Published online by Cambridge University Press: 09 March 2007
1. The development of gastric secretory capacity of hydrochloric acid and pepsin (EC 3. 4. 23. 1) was studied in thirty-eight Large White x Landrace pigs from the litters of six sows (three pairs of two), 9–38 d of age. The pigs of each pair of sows were born within 24 h of each other. The pigs of a litter were paired according to sex and size and cross-fostered, i.e. one pig from each pair was allocated to each sow.
2. One litter from each pair was reared entirely by the sow (milk-fed, MF) whereas the other litter was reared by the sow for 21 d, but was allowed access to solid food (210 g crude protein (nitrogen x 6.25)/kg) at 12 d and was entirely dependent on solid food after 21 d (creep-fed, CF).
3. Following a 14–18 h fast, pigs were anaesthetized (Halothane–sodium pentobarbitone) and their stomachs perfused a a constant rate with Ringer solution. Gastric secretion was stimulated by intravenous infusion of betazole hydrochloride (Histalog) at 3 mg/kg per h for 2 h. Hydrochloric acid and pepsin were measured in the perfusate which was collected at 15-min intervals.
4. There were significant positive correlations between stomach weight and body-weight for both MF and CF pigs. The slope of the regression line for CF pigs was significantly greater than that for MF pigs (P < 0.01).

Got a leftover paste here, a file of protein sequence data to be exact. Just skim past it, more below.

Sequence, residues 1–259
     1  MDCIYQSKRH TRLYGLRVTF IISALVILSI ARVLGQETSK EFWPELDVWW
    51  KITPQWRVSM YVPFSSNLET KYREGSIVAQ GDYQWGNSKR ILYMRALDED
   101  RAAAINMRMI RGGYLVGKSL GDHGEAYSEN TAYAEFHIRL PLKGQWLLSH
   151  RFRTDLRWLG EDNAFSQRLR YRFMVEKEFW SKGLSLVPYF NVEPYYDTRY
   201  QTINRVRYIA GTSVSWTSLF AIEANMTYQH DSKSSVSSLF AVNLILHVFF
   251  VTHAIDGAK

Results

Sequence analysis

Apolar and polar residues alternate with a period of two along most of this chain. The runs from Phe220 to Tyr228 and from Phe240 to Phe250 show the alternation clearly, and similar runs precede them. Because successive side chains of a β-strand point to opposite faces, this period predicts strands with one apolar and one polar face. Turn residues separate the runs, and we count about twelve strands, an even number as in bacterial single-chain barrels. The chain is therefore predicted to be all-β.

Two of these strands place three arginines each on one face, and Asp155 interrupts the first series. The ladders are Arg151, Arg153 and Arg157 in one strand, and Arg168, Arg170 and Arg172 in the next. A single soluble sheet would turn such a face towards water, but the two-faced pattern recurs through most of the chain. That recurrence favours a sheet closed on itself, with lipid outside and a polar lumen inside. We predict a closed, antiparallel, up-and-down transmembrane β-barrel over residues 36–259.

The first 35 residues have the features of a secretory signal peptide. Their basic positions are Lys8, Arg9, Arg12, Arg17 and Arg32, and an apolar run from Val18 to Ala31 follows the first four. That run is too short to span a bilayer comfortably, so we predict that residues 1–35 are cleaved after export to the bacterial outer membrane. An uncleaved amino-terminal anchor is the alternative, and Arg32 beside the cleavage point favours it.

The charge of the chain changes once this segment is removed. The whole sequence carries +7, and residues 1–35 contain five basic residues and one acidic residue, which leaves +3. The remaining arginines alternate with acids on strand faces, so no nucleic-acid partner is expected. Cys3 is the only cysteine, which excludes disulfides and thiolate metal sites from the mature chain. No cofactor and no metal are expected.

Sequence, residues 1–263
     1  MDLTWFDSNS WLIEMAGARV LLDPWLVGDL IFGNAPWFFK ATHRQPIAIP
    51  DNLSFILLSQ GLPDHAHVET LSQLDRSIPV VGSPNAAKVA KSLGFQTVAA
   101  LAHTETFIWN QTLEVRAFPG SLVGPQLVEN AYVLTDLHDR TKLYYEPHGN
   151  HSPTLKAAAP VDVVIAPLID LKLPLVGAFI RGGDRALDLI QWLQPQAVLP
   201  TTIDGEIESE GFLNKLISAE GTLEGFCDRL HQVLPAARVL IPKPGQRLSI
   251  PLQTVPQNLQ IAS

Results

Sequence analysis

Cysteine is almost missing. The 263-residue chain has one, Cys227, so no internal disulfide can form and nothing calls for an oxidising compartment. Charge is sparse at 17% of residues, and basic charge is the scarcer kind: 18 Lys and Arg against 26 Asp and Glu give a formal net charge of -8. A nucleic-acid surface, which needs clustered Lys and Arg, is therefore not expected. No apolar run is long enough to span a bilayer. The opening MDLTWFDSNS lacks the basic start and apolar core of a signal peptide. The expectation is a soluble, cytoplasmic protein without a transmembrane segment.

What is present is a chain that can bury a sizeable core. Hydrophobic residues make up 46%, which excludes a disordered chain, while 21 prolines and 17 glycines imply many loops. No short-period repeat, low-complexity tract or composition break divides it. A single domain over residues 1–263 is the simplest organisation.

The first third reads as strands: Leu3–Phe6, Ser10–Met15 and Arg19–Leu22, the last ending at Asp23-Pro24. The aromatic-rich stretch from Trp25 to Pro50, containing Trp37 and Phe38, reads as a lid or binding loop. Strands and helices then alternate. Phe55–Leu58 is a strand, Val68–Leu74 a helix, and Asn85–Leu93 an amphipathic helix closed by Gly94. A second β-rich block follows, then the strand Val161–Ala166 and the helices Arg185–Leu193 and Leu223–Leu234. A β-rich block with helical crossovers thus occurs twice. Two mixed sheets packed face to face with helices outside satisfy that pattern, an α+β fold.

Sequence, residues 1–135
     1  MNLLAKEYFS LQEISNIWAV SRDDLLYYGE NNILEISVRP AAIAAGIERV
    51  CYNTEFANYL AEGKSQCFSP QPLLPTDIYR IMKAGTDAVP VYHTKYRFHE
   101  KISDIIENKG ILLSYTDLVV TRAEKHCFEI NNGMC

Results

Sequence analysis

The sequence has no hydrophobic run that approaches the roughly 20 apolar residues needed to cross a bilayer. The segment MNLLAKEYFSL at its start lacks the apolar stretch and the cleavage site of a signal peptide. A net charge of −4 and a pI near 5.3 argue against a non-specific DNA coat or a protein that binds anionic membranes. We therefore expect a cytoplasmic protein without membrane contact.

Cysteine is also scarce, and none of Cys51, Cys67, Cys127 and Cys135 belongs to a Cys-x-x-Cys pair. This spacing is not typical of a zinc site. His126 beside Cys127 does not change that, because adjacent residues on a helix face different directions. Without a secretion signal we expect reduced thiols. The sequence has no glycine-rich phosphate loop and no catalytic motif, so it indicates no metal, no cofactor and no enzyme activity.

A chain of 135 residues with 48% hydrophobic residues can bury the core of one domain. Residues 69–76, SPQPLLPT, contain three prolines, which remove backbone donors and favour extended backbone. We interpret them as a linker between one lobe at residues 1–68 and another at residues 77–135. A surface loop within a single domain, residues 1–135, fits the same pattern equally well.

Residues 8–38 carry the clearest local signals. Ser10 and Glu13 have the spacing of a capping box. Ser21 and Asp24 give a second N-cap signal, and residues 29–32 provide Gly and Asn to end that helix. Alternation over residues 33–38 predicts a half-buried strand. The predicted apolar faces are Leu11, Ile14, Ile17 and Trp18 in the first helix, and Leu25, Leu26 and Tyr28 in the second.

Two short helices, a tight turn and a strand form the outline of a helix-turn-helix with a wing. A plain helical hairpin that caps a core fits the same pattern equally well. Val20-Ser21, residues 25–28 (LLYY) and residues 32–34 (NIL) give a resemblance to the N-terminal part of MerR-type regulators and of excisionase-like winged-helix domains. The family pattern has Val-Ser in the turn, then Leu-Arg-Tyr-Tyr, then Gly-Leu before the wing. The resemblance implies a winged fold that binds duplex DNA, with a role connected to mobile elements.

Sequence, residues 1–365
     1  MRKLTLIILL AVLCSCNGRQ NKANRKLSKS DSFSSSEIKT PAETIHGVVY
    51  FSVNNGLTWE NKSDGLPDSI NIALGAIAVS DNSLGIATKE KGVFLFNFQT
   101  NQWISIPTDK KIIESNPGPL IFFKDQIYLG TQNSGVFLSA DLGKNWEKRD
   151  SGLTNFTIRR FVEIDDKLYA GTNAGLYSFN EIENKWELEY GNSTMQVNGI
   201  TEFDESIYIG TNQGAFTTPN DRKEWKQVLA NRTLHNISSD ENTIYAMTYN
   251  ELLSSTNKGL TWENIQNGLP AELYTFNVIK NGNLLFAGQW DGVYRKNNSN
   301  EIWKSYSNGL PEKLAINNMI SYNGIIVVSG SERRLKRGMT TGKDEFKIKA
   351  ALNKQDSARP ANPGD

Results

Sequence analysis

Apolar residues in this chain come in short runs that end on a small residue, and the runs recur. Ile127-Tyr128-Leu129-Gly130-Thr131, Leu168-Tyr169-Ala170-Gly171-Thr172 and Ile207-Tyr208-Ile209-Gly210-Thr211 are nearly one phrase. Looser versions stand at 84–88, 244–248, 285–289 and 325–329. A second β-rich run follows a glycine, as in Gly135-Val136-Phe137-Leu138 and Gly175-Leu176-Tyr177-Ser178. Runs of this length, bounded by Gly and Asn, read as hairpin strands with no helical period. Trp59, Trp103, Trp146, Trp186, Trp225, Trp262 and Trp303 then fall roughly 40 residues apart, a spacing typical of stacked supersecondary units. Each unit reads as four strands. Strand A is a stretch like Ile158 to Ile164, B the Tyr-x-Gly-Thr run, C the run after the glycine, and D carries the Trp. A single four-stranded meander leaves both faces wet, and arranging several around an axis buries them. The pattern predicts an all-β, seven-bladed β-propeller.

5. There were significant positive correlations between maximal acid output and stomach weight for both MF and CF pigs.
6. There were significant positive correlations between maximal pepsin output and stomach weight for both MF and CF pigs. The slope of the regression line for CF pigs was significantly different from that for MF pigs (P < 0.01). There were also significant positive correlations between maximal pepsin output per unit stomach weight and stomach weight for both MF and CF pigs.
7. The pattern of development of pepsin secretory capacity in both CF and MF pigs was different from that for acid secretion. Maximal outputs of acid per unit stomach weight for MF and CF pigs remained relatively constant. Maximal outputs of pepsin per unit stomach weight and per unit body-weight increased with age for both MF and CF pigs.
8. The results indicate that pigs given access to solid food before weaning and weaned on to solid food have heavier stomachs and greater acid and pepsin secretory capacity than pigs fed entirely on sows' milk.